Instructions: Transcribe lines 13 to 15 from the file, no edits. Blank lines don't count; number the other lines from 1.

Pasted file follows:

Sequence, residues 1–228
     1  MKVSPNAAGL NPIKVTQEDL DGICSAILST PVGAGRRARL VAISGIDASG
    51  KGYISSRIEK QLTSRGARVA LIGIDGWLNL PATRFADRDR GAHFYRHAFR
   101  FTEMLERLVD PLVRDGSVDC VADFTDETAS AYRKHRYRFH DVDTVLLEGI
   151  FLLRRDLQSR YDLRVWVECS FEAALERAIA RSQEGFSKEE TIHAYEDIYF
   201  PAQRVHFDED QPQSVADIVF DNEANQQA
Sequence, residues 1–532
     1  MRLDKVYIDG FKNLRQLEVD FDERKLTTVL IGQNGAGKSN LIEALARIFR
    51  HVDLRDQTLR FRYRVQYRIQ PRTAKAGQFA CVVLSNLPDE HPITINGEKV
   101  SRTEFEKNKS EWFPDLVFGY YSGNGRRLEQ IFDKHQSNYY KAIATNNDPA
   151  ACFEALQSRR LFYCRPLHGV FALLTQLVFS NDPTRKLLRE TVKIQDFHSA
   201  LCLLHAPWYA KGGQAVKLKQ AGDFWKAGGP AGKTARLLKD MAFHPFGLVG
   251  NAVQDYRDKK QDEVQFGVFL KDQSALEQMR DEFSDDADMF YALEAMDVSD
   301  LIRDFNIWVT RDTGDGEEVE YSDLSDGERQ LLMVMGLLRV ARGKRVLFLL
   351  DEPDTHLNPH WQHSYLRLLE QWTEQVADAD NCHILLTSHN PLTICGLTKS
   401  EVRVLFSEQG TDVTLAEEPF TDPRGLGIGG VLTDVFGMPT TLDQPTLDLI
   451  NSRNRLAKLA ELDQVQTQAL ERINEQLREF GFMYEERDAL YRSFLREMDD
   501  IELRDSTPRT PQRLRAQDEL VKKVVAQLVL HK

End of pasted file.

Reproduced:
   251  NAVQDYRDKK QDEVQFGVFL KDQSALEQMR DEFSDDADMF YALEAMDVSD
   301  LIRDFNIWVT RDTGDGEEVE YSDLSDGERQ LLMVMGLLRV ARGKRVLFLL
   351  DEPDTHLNPH WQHSYLRLLE QWTEQVADAD NCHILLTSHN PLTICGLTKS